I personally feel that float is the wrong thing for defining layout of this type. Unfortunately, there’s nothing else better.

    The CSS pseudocode is pretty ugly, I agree. The basic concept underneath is pretty simple, but the @ syntax makes it hard. (Bert Bos sent me mail that Dave Raggett had apparently suggested something very similar many years ago).

    Here’s the basic concept:

    Layout should be defined in the CSS, not the the HTML. This includes things like separating the order in the HTML document from the order in the final layout, which can’t be done in CSS today.

    I personally like boxes and glue for layout. Maybe that comes from being in grad school and using TeX. Anyway, in a containment model, you tend to create layouts like this (in XML pseudocode):

          <leftItem width=”150px” />
          <rightItem width=”auto” />

    When you render that in @ rules, it gets messy.

    Anyway, it might not be the right idea, but I think that it would be great for someone to come up with something other than the current regime of float, et. al. to define layout.

    Again, thanks for the thoughtful comments!

  10. kaotik78

    My wife, bless her, thought it would be a GREAT idea if I start getting on the CSS bandwagon when it came to designing “tableless” websites.. I scoffed at her of course, being set in my ways, I said it’s a waste of time and only till recently have I given it a shot. I’ve cranked out 4 websites all tableless, but I have to say this, it is still a major waste of time because you have to FIDDLE WITH EVERY SINGLE THING! Yes im shouting because after going over my logs, I have wasted gobs of hours with CSS. Yes I realize there is a learning curve but please, with tables, it just worked (mostly). With CSS there is so much dicking around that has to be done to get the end result your after, it’s almost not worth the effort at all. The monkey’s who call themselves the w3c, or whoever creates this rubbish, needs to make it streamlined. If I want to move something over somewhere, why not create something called position, rather than have to hack about with float!?!?!?!?!??! Make it simple, and for heaven sake’s the w3c should stuff the 3 cent word’s on their website and make it more user friendly and easier to navigate and understand!!!! We’re not all harvard graduates here!!!! Im done ranting, imo right now CSS is not worth the time, especially if you have a business and need to meet deadlines!!!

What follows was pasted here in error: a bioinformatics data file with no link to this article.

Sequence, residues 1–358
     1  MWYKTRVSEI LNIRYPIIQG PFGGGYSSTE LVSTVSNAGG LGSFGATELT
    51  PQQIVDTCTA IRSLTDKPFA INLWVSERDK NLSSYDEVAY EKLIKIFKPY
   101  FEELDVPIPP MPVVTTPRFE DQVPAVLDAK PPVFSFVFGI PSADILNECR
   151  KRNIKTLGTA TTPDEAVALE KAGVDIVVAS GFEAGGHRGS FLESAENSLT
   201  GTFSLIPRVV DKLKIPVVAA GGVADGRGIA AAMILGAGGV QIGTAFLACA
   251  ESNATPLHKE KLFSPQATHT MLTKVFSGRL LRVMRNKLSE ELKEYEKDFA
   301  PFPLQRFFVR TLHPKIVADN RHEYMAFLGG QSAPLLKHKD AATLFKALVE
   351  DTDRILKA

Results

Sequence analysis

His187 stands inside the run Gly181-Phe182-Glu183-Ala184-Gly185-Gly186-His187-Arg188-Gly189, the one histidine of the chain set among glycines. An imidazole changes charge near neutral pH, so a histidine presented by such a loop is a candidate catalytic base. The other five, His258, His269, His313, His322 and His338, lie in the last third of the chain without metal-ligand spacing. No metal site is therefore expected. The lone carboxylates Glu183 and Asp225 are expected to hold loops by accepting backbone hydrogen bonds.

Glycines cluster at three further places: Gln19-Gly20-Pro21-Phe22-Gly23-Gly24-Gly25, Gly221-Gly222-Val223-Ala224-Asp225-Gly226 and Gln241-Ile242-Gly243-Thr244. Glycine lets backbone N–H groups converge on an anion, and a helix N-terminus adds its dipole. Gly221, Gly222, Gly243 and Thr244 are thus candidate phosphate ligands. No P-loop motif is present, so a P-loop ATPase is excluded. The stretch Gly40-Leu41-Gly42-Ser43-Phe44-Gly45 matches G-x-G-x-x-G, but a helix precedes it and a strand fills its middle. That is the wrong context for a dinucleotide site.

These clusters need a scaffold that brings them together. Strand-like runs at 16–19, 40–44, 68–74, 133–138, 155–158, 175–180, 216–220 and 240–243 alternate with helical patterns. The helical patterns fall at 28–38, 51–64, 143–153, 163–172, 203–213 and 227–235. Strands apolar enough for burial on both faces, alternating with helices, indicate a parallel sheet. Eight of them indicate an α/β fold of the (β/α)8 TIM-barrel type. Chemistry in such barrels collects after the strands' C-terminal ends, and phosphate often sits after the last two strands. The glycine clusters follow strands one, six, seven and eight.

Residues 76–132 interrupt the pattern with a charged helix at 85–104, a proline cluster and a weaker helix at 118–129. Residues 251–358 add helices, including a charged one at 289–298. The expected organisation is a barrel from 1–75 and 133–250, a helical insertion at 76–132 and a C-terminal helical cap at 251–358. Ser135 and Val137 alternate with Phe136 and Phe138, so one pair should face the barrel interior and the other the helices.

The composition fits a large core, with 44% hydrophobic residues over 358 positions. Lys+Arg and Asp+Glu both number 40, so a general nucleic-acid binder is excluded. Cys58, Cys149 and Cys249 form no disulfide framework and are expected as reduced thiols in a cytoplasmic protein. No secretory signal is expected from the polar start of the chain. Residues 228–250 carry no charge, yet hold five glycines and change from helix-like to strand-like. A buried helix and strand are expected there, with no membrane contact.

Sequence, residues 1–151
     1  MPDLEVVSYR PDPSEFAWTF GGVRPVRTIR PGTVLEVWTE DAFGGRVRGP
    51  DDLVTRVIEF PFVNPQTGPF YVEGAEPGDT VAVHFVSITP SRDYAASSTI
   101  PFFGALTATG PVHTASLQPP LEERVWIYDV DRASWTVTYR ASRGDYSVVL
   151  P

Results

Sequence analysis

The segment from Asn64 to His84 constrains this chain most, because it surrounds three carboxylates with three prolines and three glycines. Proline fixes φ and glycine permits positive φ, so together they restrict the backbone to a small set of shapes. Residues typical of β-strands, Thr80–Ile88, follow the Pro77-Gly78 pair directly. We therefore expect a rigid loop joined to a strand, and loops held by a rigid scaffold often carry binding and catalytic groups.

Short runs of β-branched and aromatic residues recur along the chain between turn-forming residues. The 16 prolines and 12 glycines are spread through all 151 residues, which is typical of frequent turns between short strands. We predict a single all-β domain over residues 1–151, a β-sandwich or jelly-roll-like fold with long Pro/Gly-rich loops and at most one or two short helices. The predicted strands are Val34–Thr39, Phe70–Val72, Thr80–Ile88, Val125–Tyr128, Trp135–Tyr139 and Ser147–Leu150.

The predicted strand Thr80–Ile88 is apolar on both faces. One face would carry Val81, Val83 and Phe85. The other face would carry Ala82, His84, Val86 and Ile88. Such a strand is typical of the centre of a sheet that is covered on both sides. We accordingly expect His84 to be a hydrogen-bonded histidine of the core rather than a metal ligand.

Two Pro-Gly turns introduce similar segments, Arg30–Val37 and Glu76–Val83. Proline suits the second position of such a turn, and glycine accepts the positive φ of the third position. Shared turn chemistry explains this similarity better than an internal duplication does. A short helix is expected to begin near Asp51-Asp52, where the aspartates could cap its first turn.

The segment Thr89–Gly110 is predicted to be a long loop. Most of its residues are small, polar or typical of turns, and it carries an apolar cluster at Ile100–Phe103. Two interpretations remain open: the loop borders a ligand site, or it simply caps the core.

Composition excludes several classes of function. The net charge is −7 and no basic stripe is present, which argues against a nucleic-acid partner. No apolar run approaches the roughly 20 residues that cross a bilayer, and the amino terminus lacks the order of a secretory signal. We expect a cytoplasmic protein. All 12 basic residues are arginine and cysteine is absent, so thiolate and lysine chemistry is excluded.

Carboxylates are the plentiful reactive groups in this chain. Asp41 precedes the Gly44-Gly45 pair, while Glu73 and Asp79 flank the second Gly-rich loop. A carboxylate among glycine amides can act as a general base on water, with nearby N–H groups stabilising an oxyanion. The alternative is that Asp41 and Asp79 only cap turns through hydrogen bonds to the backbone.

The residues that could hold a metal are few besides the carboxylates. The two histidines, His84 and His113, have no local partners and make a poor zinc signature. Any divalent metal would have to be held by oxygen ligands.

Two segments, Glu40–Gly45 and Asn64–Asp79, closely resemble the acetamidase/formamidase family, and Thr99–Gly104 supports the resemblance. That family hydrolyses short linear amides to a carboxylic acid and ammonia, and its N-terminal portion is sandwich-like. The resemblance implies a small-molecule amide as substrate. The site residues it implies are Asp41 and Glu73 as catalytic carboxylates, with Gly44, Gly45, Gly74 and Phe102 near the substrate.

11. Jon Perez

    CSS *does* extract its pound’s worth of flesh in order to gain its benefits. Moreoever, unlike the advocates of pure CSS, table-less designs would like us to think, it is NOT the best thing since sliced bread and there are some things that are much harder to do using CSS than without.

    That said, while CSS has warts aplenty, it is still better than not having it, and I try to utilize it in as many scenarios as practical. However, I don’t for one moment deceive myself into thinking that there aren’t a handful of situations for which use of some old non-CSS techniques are still preferable. CSS gets a grade of C+.

  12. Tim Anderson’s ITWriting - Tech writing blog » CSS: a long wait for the aha moment

    […] it all makes perfect sense; but it seems a long time coming. Worried that it was just me, I found this reassuring post from Sho Kuwamoto: I used to think of myself as knowing a lot about CSS. For starters, I’d been responsible for the […]

  13. April Tabdump | Backup Brain

    […] I’ve heard no shortage of people complaining about how CSS is too hard. When it’s being pointed out by people like Sho Kuwamoto, though, it should be clear […]